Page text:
NEW YORK (AP) -- A 79-year-old former New York accounting firm executive who did work for some of Bernard Madoff's most important clients has earned leniency at sentencing because his cooperation provided new insights into history's largest financial fraud, prosecutors said.
In a filing late Thursday in Manhattan federal court, prosecutors wrote Paul Konigsberg provided valuable information by admitting his crimes, including offenses the government didn't know about, and by disclosing facts vital to the investigation of others.
Konigsberg, scheduled for sentencing Thursday, began formally cooperating after pleading guilty last year to conspiracy and falsifying books and records. But prosecutors said he had spoken to the government about his crimes two years earlier, providing some investigative leads and corroboration of evidence.
Madoff, 77, is serving a 150-year prison sentence after he revealed in December 2008 that his fraudulent private investment business serving thousands of customers had squandered about $20 billion in assets over several decades, leaving only a few hundred million dollars to disperse to investors feeling the pinch of the nation's financial crisis. A court-appointed monitor has since recovered over $10 billion for investors.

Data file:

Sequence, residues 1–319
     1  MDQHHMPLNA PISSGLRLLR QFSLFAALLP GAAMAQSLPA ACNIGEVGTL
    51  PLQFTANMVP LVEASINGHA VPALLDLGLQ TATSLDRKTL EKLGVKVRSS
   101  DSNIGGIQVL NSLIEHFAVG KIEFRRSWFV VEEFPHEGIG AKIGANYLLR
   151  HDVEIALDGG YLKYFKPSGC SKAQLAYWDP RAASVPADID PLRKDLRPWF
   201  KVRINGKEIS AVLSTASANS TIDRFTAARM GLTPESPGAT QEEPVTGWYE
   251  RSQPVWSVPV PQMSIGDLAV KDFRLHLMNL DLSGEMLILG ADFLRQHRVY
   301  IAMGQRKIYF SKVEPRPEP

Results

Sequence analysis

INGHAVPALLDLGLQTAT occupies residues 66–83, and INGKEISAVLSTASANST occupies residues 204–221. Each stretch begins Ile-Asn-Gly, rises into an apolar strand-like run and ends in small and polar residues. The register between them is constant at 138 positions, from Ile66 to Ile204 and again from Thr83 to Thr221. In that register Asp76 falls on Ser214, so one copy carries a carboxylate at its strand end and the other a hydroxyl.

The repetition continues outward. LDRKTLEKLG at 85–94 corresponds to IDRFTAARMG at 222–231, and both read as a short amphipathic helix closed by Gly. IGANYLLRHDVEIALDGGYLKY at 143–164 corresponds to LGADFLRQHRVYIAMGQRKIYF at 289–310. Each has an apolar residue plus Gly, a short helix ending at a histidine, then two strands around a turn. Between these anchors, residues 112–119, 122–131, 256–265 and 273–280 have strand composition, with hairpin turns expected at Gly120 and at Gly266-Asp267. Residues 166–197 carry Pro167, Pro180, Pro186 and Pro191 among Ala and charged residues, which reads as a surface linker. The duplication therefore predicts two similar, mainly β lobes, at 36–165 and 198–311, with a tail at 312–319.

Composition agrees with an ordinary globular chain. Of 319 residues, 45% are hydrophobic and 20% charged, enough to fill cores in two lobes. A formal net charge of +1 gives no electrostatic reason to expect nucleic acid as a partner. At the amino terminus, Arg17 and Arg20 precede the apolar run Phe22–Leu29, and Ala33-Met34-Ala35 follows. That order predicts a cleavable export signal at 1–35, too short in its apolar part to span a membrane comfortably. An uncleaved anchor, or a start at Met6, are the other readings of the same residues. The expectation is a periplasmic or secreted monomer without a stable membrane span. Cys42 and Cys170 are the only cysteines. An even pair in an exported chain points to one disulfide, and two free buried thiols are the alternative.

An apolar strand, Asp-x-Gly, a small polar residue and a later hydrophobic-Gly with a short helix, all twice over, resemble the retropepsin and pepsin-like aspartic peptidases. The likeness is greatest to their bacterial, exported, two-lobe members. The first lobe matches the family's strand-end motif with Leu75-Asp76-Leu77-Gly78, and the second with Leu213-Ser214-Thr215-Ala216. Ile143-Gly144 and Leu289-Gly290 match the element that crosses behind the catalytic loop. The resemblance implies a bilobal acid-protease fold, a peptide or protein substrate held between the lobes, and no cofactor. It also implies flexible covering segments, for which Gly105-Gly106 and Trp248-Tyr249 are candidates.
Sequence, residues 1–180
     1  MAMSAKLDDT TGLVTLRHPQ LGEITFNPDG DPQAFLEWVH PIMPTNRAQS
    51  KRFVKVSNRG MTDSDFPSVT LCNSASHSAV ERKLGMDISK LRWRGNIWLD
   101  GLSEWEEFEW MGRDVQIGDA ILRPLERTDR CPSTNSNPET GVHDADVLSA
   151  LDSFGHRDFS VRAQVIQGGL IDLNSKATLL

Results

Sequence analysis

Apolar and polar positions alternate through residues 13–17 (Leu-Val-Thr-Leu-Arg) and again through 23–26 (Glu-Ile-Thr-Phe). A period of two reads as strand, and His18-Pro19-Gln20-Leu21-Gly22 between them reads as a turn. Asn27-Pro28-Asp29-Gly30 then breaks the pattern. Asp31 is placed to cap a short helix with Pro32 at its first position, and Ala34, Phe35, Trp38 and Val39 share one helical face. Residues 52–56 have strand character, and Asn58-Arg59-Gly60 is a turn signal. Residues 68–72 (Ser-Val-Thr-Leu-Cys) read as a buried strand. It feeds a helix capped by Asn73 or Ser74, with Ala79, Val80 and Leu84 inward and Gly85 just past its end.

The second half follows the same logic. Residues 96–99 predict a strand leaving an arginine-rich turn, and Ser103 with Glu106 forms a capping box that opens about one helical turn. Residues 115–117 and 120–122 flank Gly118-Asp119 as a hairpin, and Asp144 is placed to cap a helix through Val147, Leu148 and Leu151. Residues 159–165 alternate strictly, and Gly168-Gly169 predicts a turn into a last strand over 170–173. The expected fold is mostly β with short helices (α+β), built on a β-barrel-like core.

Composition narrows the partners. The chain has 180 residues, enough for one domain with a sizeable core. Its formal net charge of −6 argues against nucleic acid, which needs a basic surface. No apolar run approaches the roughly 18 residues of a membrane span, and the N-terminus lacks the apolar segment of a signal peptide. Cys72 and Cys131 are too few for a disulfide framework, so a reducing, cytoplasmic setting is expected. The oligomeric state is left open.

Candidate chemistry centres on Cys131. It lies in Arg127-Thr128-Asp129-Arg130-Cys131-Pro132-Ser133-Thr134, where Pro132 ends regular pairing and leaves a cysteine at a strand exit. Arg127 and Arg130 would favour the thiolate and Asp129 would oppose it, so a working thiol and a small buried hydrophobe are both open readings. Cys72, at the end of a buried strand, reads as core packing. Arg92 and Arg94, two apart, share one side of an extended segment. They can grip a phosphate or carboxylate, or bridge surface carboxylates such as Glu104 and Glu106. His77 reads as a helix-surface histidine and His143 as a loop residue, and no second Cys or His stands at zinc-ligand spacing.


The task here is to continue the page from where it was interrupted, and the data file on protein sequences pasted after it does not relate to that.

Prosecutors said Konigsberg was helpful in significant ways, including by aiding the investigation that resulted in a deal last year with JPMorgan Chase & Co. in which the bank agreed to pay $1.7 billion to settle criminal charges stemming from its business relationship with Madoff.
The government said Konigsberg met Madoff in the 1970s. Eventually, Madoff directed significant business to Konigsberg Wolf & Co., a Manhattan accounting, tax and consulting firm that Konigsberg ran with his brother until it was sold four years ago.